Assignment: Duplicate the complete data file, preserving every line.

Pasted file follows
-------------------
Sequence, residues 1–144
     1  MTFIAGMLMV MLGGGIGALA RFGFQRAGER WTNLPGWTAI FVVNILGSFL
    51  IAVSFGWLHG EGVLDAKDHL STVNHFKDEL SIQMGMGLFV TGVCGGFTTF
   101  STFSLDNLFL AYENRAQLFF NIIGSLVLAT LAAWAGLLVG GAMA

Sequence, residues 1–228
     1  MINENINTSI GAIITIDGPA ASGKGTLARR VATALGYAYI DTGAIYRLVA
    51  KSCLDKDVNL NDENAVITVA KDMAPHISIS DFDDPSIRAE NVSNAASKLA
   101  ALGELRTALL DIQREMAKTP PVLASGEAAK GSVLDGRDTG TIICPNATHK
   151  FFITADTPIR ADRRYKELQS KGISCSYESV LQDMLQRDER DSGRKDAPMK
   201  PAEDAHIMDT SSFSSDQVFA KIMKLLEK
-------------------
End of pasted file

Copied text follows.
Sequence, residues 1–144
     1  MTFIAGMLMV MLGGGIGALA RFGFQRAGER WTNLPGWTAI FVVNILGSFL
    51  IAVSFGWLHG EGVLDAKDHL STVNHFKDEL SIQMGMGLFV TGVCGGFTTF
   101  STFSLDNLFL AYENRAQLFF NIIGSLVLAT LAAWAGLLVG GAMA

Sequence, residues 1–228
     1  MINENINTSI GAIITIDGPA ASGKGTLARR VATALGYAYI DTGAIYRLVA
    51  KSCLDKDVNL NDENAVITVA KDMAPHISIS DFDDPSIRAE NVSNAASKLA
   101  ALGELRTALL DIQREMAKTP PVLASGEAAK GSVLDGRDTG TIICPNATHK
   151  FFITADTPIR ADRRYKELQS KGISCSYESV LQDMLQRDER DSGRKDAPMK
   201  PAEDAHIMDT SSFSSDQVFA KIMKLLEK